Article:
2. Tourism. In a fit of hubris, I decided that I could not only write a tourist guide, but also write about tourism. I felt that my time as a tourist in Greece, Cyprus, Australia, and places in the U.S. qualified me as a regular consumer of tourist literature and travel guides to engage in writing one. I think that my guide is a respectable imitation of such tourist staples as the Blue Guide or Baedekers. At the same time, my reading of a few of the classic Federal Writers Project accounts of western North Dakota, eastern Montana, and elsewhere gave me another point of reference for my project. Considering the literary luminaries who wrote for that program (and, significantly, my addiction to adverbs in particular), I can only say that I tried to writing in their spirit.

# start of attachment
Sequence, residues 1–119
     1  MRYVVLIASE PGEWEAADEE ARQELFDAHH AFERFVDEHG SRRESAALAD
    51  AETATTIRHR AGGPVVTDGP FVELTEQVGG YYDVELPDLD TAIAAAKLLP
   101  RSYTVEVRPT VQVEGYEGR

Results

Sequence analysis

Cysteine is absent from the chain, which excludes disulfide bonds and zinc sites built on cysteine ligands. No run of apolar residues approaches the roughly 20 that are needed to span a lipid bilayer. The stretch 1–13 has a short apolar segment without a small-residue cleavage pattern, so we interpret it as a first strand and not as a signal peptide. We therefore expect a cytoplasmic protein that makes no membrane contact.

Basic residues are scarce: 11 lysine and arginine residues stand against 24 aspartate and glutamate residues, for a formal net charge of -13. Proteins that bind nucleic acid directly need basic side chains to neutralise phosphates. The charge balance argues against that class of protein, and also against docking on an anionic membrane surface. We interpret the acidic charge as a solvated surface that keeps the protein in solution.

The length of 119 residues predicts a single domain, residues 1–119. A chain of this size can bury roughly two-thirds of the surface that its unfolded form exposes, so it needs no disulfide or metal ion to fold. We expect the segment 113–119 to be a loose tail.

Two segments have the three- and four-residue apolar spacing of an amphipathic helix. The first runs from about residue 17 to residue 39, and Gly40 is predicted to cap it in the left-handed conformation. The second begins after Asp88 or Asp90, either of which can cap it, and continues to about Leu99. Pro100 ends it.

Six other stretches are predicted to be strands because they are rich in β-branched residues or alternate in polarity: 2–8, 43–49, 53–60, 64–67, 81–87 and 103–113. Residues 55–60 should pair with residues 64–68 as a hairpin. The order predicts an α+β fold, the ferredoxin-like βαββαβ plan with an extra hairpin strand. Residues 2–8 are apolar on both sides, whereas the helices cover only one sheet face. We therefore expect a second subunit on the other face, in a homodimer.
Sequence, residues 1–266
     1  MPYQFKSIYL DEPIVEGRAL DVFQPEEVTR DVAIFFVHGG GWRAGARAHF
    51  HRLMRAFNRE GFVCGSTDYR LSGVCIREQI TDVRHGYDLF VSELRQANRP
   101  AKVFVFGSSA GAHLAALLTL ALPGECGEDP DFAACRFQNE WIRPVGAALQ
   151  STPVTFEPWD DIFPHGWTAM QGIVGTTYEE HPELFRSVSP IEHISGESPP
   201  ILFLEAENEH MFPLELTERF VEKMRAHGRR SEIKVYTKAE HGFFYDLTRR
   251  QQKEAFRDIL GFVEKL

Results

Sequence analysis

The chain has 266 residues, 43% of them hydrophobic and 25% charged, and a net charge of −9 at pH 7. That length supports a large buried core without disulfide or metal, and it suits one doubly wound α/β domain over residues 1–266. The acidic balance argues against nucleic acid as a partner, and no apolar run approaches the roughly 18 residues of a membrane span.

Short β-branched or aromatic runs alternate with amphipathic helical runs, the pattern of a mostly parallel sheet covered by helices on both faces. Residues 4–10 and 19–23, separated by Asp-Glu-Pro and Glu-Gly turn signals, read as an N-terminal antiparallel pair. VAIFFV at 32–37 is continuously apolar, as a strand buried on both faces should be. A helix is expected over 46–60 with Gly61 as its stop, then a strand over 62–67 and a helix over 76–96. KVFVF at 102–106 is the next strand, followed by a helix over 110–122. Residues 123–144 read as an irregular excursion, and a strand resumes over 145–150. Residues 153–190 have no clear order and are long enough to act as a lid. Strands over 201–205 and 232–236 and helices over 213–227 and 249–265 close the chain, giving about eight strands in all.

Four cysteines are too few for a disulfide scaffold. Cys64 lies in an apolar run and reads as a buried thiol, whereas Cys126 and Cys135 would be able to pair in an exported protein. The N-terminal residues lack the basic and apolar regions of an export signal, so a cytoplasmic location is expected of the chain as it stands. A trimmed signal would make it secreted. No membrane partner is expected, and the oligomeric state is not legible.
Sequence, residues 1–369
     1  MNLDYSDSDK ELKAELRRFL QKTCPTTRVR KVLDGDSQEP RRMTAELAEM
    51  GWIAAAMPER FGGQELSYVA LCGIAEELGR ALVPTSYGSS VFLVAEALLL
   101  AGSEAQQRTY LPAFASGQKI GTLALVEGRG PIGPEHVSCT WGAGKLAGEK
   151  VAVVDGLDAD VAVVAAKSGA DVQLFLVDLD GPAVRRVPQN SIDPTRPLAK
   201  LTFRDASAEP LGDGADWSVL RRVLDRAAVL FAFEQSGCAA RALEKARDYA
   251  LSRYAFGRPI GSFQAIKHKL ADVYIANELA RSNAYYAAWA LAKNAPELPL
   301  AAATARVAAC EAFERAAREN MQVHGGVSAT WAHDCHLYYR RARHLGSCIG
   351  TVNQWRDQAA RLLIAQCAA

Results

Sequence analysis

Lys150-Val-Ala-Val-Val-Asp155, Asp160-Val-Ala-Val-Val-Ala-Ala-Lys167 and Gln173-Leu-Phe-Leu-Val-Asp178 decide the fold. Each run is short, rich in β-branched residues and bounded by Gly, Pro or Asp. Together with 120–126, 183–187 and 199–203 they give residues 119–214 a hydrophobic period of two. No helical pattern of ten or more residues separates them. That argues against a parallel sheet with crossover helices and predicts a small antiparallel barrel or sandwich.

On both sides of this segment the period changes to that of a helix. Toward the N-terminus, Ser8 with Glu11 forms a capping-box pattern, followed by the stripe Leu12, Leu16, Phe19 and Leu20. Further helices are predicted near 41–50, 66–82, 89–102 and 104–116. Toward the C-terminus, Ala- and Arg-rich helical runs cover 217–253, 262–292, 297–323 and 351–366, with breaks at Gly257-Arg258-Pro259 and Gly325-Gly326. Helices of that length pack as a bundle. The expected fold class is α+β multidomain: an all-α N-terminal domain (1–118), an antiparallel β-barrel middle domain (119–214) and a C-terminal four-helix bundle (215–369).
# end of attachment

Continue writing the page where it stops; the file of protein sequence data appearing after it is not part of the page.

Writing about tourism, however, was clearly a bridge too far. First off, the amount of literature on tourism is staggering (scholars of tourism need tenure too, it would appear), and even such marginal practices as “dark tourism,” “toxic tourism,” and “poorism” (the organized touring of poor and disadvantaged communities). Next, the conceptual frameworks for tourism are wide-ranging from the structuralism of Dean Maccannell to the post-modern critiques offered by John Urry and Tim Edensor.  Some of this stuff is pretty straight forward, but I feel like using tourist studies to understand landscapes (and how we in the modern world construct landscapes) in a critical way will be a massive challenge. Not only has modern tourism (whether industrial, toxic, eco, or otherwise) played a role in how we see modern landscapes, but it has also contributed to issues of heritage, archaeology (of the modern world), and conservation practices. It is pretty clear that I’m out of my depth here.